I don't read a lot of biography. I suspect the bottom line reason is because they are a lot of work for me. You see, I love the story behind people's lives,what helped shape them into who they became, what influenced their ideas to form the person who made the choices they made. But I have a basic problem: I get lost in the names. This affects my reading in all genres, including fiction books with large scripts of people. I remember quite clearly the struggle to continue through the first several I don't read a lot of biography. I suspect the bottom line reason is because they are a lot of work for me. You see, I love the story behind people's lives,what helped shape them into who they became, what influenced their ideas to form the person who made the choices they made. But I have a basic problem: I get lost in the names. This affects my reading in all genres, including fiction books with large scripts of people. I remember quite clearly the struggle to continue through the first several chapters in Ted Dekker's Circle Series. I had to consciously choose to keep reading when I hit Chapter 2 and realized I would have to keep track of people in two different worlds. At some point in many books, my mind drops the characters it deems of little consequence. Of course, this sometimes causes problems when these characters sneak up on me several chapters later and I'm furiously trying to remember why I should know them. (I love authors who include character lists with their books!) And so, in spite of enjoying history and the backstories of people, I subconsciously avoid biographies. So it was with upon the recommendation of two different people that I highly respect that I picked up Dinesh D'Souza's book and trudged my way through it. Ronald Reagan: How an Ordinary Man Became an Extraordinary Leader did not disappoint me, although I'm confident I've forgotten the names of three-quarters of the people the author mentions. Mr. D'Souza includes enough of Reagan's one liners and humorous stories to keep the reading entertaining while including insights that show he clearly watched and studied the man himself. Possibly this section from the book sums the former President up the best: "He was a realist who had a low view of human nature; at the same time, he was an optimist who had a high view of human possibility. He was a tolerant man who nevertheless had fixed and unalterable convictions. He was gregarious and liked people, yet he was a loner who seemed happiest by himself." Reagan was clearly a paradox. Yet as I read the stories the author chose to include, the commentary based on what he knew and the information he received from others, I gained greater respect for him as a man and as President. And I laughed many times at his wit and quips. If you've ever wanted to know more about Ronald Reagan and understand some of his reasonings and motivations behind decisions he made, this is definitely a book you should consider.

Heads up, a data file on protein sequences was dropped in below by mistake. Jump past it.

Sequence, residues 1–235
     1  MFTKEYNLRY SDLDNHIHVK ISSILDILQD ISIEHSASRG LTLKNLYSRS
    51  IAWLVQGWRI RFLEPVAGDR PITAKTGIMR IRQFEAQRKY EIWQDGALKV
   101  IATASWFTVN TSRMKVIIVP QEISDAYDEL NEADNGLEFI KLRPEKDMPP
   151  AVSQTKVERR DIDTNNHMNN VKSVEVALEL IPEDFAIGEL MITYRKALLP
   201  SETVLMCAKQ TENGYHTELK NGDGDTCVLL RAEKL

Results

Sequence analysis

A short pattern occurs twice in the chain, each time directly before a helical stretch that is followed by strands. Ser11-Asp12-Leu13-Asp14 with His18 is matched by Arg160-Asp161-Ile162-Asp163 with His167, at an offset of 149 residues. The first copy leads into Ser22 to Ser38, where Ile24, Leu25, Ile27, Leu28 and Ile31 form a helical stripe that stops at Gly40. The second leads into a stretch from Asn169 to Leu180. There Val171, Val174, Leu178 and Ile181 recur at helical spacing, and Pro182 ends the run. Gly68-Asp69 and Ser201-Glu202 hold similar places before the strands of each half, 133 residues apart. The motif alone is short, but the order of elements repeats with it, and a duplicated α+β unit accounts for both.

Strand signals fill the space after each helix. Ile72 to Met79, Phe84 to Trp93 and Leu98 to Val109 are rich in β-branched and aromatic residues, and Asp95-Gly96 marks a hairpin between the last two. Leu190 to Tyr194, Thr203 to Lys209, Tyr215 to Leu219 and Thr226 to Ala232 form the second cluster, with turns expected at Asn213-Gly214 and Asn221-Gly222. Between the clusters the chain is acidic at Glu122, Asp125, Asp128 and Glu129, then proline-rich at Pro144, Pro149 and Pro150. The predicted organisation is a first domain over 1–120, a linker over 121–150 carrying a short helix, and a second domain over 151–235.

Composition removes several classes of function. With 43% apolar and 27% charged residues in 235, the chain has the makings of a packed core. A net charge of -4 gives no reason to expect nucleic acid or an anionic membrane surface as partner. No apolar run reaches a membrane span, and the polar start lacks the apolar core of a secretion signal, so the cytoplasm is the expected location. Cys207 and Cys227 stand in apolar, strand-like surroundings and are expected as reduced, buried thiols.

3. 4 out of 5